Topic by lebowski 


Giant Robot Architecture Talk by Greg Lynn in Berkeley

Here is an interesting talk from the Art, Technology, and Culture Colloquium of the Berkeley Center for New Media...Giant Robot ArchitectureGreg Lynn, UCLA & Angewandte, ViennaMonday, Feb 4, 7:30-9:00pm- Note Special Location: Berkeley Art Museum Theater- Enter on Dwight Ave: http://bampfa.berkeley.edu/visit/visitor- Lecture is free and open to the publicAbstractRobots. In my office, my staff keeps asking for more new machines, and every time I get a new machine, I fire two or three people. By extrapolation, in the next few years I will be sitting in an office by myself with a bunch of robots. We have is a very large CNC (computer numerically controlled) cutting machine, a laser cutter, a 3d printer, and soon we will have a robotic articulated arm. All of these things let us do studies of models, which are very important to architects, but what they also let us do is learn machine language. We spend more and more time talking to machines; speaking their language. It is very easy for us to go to any country that has an automobile industry or an aircraft industry and give their machines instructions and do things with these large machines at an architectural scale that is very perfunctory and affordable. The spread of machine language and programming is more significant than the Anglicization of the world. Learning to talk to robots is very important to my field of design.Speaker BioGreg Lynn is a leading pioneer at the intersection of computing, design, and architecture. His architectural designs have been exhibited in both architecture and art museums including the 2000 Venice Biennale of Architecture where he represented the United States in the American Pavilion. His work is in the permanent collections of CCA, SFMoMA, and MoMA and has been exhibited at the Pompidou, Beyeler, Cooper Hewitt, MAK, MoCA, NAI,Carnegie, ICA and Secession museums among others. In addition to his architectural work, his Alessi "Supple"Mocha Cups and his Vitra "Ravioli" Chair are in production and have been inducted into the Museum of Modern Art's Permanent Collection. He received the American Academy of Arts & Letters Architecture Award in 2003. In 2002, he left his position as the Professor of Spatial Conception and Exploration at the ETHZ (Swiss Federal Institute of Technology Zurich) and became an Ordentlicher University Professor at the University of Applied Arts in Vienna.He is studio professor of Architecture at UCLA and the Davenport Visiting Professor at Yale University. Greg Lynn holds degrees in architecture and philosophy and received an Honorary Doctorate degree from the Academy of Fine Arts &Design; in Bratislava. In 2001, Time Magazine named him one of 100 of the most innovative people in the world for the 21st century. In 2005, Forbes Magazine named him one of the ten most influential living architects.http://www.glform.comMore info on the colloquium here.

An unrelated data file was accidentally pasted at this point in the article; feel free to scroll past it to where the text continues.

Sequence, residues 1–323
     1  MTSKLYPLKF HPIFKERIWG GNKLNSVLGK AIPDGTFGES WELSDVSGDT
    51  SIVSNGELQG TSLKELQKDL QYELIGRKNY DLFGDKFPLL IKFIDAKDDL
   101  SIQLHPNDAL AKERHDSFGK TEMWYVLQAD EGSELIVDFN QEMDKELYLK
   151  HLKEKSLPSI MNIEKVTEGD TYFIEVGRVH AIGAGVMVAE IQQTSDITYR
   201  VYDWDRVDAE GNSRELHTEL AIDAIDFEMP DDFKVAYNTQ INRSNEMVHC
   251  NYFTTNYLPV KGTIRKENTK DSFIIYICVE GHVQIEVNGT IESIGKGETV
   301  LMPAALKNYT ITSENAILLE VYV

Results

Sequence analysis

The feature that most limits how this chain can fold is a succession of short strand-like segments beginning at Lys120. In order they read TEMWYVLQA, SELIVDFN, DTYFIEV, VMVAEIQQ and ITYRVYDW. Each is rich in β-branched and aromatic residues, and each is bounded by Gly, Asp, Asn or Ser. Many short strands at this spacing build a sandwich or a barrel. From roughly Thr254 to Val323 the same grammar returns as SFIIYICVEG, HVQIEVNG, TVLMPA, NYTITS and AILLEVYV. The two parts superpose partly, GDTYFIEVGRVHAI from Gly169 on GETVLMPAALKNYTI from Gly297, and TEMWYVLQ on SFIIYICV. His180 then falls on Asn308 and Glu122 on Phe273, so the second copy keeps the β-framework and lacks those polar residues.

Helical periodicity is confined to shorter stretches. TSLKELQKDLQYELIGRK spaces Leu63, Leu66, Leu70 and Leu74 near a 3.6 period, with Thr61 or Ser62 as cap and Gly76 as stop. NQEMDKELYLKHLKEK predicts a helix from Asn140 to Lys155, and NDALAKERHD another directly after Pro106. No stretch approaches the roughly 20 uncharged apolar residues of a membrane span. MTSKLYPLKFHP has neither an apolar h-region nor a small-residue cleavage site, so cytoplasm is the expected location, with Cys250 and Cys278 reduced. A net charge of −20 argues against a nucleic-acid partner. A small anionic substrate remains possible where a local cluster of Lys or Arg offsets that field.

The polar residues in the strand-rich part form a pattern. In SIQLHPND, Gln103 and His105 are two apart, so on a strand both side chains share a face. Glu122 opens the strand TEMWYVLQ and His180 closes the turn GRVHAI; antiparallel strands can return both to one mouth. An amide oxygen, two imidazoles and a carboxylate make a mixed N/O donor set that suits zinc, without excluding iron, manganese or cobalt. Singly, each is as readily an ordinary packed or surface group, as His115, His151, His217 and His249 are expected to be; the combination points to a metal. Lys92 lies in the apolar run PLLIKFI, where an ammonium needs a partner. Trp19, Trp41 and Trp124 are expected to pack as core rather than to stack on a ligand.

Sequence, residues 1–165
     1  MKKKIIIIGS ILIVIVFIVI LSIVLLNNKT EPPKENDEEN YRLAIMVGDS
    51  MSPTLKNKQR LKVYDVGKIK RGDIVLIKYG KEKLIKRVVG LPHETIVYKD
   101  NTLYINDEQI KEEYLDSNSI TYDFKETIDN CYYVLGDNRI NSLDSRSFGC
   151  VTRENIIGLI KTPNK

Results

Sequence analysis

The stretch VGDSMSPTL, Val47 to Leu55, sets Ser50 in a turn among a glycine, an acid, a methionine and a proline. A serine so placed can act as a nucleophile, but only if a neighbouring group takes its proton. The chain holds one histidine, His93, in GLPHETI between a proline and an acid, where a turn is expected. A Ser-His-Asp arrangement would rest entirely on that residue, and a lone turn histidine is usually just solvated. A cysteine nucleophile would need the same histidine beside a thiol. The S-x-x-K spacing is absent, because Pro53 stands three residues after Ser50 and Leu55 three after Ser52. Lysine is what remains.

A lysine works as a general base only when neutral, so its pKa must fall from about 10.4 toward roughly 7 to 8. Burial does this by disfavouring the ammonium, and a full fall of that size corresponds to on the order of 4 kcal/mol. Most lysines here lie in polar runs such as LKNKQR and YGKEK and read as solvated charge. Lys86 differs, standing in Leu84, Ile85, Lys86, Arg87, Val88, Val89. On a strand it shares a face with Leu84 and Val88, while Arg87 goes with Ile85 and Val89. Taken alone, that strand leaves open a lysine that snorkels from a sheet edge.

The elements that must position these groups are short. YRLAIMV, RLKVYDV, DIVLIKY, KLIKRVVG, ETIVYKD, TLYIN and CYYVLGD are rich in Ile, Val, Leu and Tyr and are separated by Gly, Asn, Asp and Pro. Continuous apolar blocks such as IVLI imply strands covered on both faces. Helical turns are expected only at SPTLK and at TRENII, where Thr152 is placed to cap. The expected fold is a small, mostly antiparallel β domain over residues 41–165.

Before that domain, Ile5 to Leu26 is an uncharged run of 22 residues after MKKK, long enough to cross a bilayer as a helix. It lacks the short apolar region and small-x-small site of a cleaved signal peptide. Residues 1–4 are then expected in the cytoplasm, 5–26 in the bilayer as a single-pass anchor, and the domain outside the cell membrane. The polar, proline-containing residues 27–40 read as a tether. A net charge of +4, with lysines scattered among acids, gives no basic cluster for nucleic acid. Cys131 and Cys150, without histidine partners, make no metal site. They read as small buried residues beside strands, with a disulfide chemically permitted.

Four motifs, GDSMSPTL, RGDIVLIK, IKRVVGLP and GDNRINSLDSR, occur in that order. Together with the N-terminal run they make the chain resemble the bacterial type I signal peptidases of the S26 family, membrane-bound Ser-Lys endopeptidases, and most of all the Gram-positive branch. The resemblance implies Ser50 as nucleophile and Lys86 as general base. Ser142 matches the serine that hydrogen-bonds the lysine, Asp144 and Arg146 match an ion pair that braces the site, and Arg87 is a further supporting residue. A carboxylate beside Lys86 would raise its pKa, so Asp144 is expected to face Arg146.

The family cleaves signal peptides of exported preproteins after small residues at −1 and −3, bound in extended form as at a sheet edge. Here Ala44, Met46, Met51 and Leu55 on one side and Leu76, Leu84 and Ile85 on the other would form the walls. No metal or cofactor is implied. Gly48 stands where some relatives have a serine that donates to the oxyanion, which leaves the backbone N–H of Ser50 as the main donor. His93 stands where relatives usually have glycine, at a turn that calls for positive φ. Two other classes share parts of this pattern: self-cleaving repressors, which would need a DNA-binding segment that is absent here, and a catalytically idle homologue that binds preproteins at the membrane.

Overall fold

Topic by noahw 


An embarrassment of riches